1  
Since your session is keep-alive is.read() will keep reading and won't return with a negative or zero value until the client disconnects. You need to change your read loop to terminate once the number of bytes read equals the content length given in the header. –  Roger Orr Nov 9 '09 at 13:51
    
Oh yeah man... You were right. Thanks a lot. Now it works... –  rauch Nov 9 '09 at 15:47

What string is the CodeRequest method returning in the server code? I think that the problem may be that you are not putting a CRLF at the end of the status line and another one at the end of the response header. For details, read the HTTP 1.1 specification.

share|improve this answer
    
protected String CodeRequest(String code) { String response = "HTTP/1.1 "+code+"\n"; DateFormat df = DateFormat.getTimeInstance(); df.setTimeZone(TimeZone.getTimeZone("GMT")); response = response + "Date: " + df.format(new Date()) + "\n"; response = response + "Connection: close\n" + "Server: WEBServer\n\n"; return response; } –  rauch Nov 9 '09 at 12:45
    
@raunch - according to the HTTP spec, those "\n"s should be "\r\n". –  Stephen C Nov 9 '09 at 13:41

You need to call URLConnection#getInputStream() after the write to actually send the request (and thus retrieve the response). Only after this point you can request the response status. This is implemented so because it might take longer to build the request body than to actually sending it and also because there's actually no point of having a request if you're not interested in the response.

Edit sorry, I was wrong. The getResponseCode() already implicitly calls getInputStream().

Anyway, I created a small testcase (see SSCCE for more info) and it just works fine. Try it and see if it works in your case as well.

Client:

import java.io.IOException;
import java.io.OutputStream;
import java.net.HttpURLConnection;
import java.net.URL;

public class Test {

    public static void main(String[] args) throws Exception {
        String data = "Hello!";
        URL url = new URL("http://localhost:8080/playground/test");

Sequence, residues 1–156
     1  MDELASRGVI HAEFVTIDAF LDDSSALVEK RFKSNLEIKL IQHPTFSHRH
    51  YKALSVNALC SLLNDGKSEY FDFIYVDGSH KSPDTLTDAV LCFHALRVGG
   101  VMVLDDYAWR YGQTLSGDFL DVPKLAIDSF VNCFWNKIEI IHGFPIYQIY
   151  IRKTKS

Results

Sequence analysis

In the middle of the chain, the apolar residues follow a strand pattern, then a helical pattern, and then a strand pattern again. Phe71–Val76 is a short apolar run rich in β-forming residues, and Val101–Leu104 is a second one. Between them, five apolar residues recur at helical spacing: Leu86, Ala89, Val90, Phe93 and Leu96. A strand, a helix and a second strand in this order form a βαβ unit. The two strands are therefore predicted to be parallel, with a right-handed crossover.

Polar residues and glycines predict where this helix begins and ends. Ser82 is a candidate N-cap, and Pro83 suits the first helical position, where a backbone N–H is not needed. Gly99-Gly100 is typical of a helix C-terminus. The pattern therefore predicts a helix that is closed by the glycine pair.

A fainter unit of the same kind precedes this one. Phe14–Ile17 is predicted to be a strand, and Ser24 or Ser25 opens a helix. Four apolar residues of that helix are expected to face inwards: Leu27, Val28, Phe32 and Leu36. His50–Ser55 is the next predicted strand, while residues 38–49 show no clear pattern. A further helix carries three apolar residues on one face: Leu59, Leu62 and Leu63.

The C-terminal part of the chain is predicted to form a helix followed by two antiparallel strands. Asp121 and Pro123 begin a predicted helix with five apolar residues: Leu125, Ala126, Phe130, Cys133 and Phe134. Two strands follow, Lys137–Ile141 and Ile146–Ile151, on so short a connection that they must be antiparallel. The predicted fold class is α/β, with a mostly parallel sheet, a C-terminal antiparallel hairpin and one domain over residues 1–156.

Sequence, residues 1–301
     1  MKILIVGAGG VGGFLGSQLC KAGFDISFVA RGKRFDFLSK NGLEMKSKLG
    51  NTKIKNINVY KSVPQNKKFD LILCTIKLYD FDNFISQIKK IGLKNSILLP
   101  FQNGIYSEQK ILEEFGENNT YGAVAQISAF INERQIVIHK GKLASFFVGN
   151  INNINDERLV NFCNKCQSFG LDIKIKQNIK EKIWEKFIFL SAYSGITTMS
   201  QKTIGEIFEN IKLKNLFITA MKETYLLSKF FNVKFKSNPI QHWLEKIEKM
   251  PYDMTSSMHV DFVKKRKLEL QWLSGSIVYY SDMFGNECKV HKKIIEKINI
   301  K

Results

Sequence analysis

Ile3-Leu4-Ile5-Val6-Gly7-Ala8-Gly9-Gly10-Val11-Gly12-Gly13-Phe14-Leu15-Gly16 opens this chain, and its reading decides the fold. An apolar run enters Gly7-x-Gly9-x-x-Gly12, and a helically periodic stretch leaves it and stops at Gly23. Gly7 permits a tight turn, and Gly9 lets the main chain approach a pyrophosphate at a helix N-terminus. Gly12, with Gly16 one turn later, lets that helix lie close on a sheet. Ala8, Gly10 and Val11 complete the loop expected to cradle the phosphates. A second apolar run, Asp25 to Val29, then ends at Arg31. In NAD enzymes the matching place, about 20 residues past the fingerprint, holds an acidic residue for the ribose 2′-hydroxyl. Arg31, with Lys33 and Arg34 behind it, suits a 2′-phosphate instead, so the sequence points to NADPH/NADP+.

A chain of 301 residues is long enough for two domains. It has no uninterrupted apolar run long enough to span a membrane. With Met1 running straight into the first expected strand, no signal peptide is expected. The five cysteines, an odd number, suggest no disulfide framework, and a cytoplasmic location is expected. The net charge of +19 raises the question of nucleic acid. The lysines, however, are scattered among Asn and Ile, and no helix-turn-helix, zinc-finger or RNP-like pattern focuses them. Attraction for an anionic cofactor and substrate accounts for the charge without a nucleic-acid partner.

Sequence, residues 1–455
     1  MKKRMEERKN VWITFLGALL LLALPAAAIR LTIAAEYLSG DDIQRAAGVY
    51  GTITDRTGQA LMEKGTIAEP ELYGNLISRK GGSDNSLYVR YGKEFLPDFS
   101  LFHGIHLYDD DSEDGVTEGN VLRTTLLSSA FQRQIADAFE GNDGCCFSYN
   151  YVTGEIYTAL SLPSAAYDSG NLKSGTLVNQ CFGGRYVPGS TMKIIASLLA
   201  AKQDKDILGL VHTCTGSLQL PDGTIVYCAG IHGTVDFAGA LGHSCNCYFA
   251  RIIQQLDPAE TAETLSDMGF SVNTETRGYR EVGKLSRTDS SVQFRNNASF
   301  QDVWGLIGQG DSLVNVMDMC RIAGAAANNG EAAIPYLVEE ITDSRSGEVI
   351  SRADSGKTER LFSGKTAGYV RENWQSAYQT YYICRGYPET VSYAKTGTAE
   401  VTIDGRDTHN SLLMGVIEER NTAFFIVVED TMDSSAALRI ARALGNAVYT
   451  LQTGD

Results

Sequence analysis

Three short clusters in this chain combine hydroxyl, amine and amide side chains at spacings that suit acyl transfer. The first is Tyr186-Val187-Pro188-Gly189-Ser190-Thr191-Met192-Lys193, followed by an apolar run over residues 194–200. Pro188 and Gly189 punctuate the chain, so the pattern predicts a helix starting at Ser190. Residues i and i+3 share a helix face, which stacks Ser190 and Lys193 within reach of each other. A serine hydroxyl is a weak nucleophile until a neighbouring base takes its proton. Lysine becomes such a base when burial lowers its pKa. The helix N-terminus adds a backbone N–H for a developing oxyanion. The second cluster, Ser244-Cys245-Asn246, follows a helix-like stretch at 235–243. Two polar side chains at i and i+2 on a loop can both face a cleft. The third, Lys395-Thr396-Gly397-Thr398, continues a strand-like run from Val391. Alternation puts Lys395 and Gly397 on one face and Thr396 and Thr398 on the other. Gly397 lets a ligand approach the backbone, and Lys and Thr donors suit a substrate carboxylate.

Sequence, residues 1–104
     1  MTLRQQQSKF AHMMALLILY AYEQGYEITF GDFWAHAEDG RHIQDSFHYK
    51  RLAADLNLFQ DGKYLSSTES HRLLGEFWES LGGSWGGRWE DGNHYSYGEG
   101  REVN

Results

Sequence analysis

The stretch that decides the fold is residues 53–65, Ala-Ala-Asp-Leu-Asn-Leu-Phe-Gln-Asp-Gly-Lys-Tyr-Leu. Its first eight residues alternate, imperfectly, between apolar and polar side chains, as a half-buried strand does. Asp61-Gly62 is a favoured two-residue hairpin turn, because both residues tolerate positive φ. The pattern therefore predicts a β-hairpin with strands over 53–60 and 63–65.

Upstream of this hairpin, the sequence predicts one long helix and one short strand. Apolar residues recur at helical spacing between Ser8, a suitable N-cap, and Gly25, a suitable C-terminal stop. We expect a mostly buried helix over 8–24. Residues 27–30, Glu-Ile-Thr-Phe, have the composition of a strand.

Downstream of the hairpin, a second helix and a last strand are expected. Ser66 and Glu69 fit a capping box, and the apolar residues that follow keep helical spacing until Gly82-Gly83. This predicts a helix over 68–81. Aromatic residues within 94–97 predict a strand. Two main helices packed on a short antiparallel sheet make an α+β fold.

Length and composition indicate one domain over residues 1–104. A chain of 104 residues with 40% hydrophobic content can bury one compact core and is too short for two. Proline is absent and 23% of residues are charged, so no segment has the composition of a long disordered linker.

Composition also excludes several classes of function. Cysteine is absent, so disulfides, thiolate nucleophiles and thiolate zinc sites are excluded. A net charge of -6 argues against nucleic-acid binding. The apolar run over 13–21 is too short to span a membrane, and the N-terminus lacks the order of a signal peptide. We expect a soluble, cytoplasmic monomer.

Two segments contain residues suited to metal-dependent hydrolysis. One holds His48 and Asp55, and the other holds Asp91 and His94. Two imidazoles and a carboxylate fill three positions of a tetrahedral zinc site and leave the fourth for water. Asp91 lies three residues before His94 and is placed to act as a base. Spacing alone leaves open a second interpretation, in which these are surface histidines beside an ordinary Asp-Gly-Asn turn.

OutputStream output = null;

        try {
            HttpURLConnection connection = (HttpURLConnection) url.openConnection();
            connection.setDoOutput(true);
            connection.setRequestMethod("PUT");

            output = connection.getOutputStream();
            output.write(data.getBytes());

            System.out.println("Response code: " + connection.getResponseCode());
        } finally {
            if (output != null) try { output.close(); } catch (IOException ignore) {}
        }
    }
}

Server:

package mypackage;

import java.io.IOException;
import java.io.InputStream;

import javax.servlet.ServletException;
import javax.servlet.http.HttpServlet;
import javax.servlet.http.HttpServletRequest;
import javax.servlet.http.HttpServletResponse;

public class Test extends HttpServlet {

    protected void doPut(HttpServletRequest request, HttpServletResponse response)
        throws ServletException, IOException
    {
        InputStream input = null;

        try {
            input = request.getInputStream();
            int data;
            while ((data = input.read()) > -1) {
                System.out.write(data);
            }
            System.out.println();
        } finally {
            if (input != null) try { input.close(); } catch (IOException ignore) {}
        }
    }
}

Result should be a Response code: 200 in the client's stdout and a Hello! in the server's stdout.

Hope this helps in pinpointing the cause of your problem.

share|improve this answer
    
BalusC I dont understand you. On Client I make Headers, which automatically are sended to Server. Then I get OutputStream to write the content (file): BufferedOutputStream os = new BufferedOutputStream(connection.getOutputStream()); byte[] buf = new byte[sizeArr]; int r = 1; while((r = is.read(buf)) > 0) { os.write(buf, 0, r); } ------------ Server gets firstly Headers, then content (file) and THEN send Response to Client. Whats wrong? –  rauch Nov 8 '09 at 20:12
    
I must have said, the request body. Did you try my advice at any way? And what's the result? –  BalusC Nov 8 '09 at 20:16
    
BalusC : I added statement: BufferedInputStream isTEMP = new BufferedInputStream(connection.getInputStream()); But result is same as before. –  rauch Nov 8 '09 at 20:54

On Server:

String strFileLen = extract(request.toUpperCase().trim(),"CONTENT-LENGTH:","\n");
                long fileLength = 0;
                if(strFileLen != null) {
                fileLength = Long.parseLong(strFileLen.trim());
                System.out.println("fileLength= "+fileLength);
                };

                byte[] locbuf = new byte[sizeArr];
                int locr = 1;long sumLen = 0;

                if(fileLength != 0) {
                while((sumLen += (locr=is.read(locbuf))) != fileLength) {
                    System.out.println("sumLen= "+sumLen);
                    osFile.write(locbuf, 0, locr);
                }
                }

=================================================== This works well.

share|improve this answer
    
I edited my answer. Check it. –  BalusC Nov 8 '09 at 23:28

Your Answer

 
discard

By posting your answer, you agree to the privacy policy and terms of service.

Not the answer you're looking for? Browse other questions tagged or ask your own question.